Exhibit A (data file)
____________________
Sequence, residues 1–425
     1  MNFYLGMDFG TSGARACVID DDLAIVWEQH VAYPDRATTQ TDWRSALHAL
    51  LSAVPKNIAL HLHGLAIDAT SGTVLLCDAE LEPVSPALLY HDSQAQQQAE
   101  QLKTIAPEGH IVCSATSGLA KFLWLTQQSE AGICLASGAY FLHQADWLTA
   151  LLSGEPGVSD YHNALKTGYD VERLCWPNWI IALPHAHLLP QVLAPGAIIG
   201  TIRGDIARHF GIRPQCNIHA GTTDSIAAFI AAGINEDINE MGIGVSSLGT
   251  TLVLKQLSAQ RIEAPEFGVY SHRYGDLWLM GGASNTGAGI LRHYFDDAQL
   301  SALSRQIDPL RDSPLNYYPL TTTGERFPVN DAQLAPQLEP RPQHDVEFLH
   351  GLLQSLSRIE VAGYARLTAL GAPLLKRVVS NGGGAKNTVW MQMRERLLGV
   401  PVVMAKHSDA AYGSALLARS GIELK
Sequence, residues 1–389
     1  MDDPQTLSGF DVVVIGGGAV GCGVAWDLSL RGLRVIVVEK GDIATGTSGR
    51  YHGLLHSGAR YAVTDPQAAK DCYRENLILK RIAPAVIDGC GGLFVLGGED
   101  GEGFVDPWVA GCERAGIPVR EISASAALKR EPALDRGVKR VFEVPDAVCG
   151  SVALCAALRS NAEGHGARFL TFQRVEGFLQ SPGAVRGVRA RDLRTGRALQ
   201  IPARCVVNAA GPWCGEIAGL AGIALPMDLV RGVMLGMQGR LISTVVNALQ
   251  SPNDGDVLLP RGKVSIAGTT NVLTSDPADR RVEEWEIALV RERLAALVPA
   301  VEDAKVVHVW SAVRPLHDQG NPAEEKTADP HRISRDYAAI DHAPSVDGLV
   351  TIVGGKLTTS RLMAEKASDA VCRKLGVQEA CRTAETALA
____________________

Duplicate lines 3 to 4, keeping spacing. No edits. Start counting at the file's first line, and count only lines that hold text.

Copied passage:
    51  LSAVPKNIAL HLHGLAIDAT SGTVLLCDAE LEPVSPALLY HDSQAQQQAE
   101  QLKTIAPEGH IVCSATSGLA KFLWLTQQSE AGICLASGAY FLHQADWLTA